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Active Traffic and Demand Management

Active Traffic and Demand Management (ATDM) is a strategy used by the Washington State Department of Transportation to reduce collisions associated with congestion and blocked lanes. About 25% of traffic congestion is due to events like collisions or disabled vehicles. WSDOT launched the system on August 10, 2010. The project to use ATDM on I-5, I-90 and SR 520 cost a total of $65 million. 

ATDM Video Image

How does it work?
The system uses overhead lane signs to provide advance notice of traffic conditions:

  • Variable speed limit signs direct drivers to incrementally reduce their speeds.
  • Symbols direct drivers to change lanes when a lane is blocked.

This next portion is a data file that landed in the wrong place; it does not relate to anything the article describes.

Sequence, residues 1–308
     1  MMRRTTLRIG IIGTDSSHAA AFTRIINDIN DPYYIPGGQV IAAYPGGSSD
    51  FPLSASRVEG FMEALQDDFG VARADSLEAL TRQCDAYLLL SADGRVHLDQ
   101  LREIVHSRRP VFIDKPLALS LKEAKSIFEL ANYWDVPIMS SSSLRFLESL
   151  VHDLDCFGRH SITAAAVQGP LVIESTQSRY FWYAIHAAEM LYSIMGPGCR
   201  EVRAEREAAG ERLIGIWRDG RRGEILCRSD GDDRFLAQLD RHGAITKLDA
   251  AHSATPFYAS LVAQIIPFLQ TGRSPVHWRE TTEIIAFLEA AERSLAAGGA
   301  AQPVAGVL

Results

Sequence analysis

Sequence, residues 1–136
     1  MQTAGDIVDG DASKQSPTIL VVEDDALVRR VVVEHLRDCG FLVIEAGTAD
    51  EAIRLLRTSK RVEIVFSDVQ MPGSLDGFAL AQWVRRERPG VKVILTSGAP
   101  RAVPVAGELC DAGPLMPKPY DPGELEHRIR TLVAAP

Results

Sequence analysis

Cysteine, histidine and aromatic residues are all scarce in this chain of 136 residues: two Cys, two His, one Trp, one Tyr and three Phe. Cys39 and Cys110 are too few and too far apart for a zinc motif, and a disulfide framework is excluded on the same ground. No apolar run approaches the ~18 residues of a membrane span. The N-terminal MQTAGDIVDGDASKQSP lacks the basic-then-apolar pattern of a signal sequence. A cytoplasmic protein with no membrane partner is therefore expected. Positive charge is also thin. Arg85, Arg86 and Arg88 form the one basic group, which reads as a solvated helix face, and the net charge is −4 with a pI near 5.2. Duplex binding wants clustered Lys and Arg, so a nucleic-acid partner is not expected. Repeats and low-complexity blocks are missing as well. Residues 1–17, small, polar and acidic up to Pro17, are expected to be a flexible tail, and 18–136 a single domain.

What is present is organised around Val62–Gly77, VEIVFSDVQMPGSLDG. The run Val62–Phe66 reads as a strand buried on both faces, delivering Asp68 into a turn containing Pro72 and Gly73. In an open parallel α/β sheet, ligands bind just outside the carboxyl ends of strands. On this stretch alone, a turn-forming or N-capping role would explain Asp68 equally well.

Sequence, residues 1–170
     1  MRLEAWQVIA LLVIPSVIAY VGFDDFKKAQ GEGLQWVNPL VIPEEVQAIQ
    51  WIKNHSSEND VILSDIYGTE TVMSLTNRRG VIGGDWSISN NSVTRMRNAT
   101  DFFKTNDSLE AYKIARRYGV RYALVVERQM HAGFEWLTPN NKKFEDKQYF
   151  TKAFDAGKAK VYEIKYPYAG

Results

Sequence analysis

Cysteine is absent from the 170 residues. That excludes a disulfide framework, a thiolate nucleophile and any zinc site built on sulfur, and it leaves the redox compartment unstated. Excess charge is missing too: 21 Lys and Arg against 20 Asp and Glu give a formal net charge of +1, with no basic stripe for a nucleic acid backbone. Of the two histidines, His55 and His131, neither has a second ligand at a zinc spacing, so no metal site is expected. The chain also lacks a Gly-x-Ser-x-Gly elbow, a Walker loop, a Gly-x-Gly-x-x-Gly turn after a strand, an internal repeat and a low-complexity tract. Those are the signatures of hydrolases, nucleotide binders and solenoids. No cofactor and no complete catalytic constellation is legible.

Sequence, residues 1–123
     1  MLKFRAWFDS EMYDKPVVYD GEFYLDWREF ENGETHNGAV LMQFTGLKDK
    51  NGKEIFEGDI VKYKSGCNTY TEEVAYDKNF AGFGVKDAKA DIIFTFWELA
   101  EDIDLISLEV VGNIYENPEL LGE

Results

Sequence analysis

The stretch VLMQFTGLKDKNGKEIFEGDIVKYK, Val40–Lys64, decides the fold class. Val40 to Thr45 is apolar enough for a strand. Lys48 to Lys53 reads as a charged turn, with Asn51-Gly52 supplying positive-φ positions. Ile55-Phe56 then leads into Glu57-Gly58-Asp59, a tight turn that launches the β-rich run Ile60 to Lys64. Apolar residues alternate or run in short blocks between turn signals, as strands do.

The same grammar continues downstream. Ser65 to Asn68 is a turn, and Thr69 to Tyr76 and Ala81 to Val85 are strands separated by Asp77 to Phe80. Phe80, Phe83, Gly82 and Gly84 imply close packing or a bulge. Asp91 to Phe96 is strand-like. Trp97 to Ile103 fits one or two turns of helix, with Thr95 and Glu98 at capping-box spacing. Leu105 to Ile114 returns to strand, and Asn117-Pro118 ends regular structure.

• Overhead message signs warn drivers of slowdowns, backups and collisions ahead.

The system decreases last second avoidance maneuvers and panic braking, which are both primary factors that contribute to collisions.

Current Active Traffic and Demand Management Corridors

  • Interstate 5
  • Interstate 90 Seattle/Bellevue
  • Interstate 90 Snoqualmie Pass
  • State Route 520 Seattle/Bellevue

WSDOT is one of the first state transportation agencies to use this type of Active Traffic and Demand Management system in the United States. Considered a work in progress, analysis of existing traffic management corridors for safety and congestion relief could lead to additional locations like Joint Base Lewis McChord in Tacoma.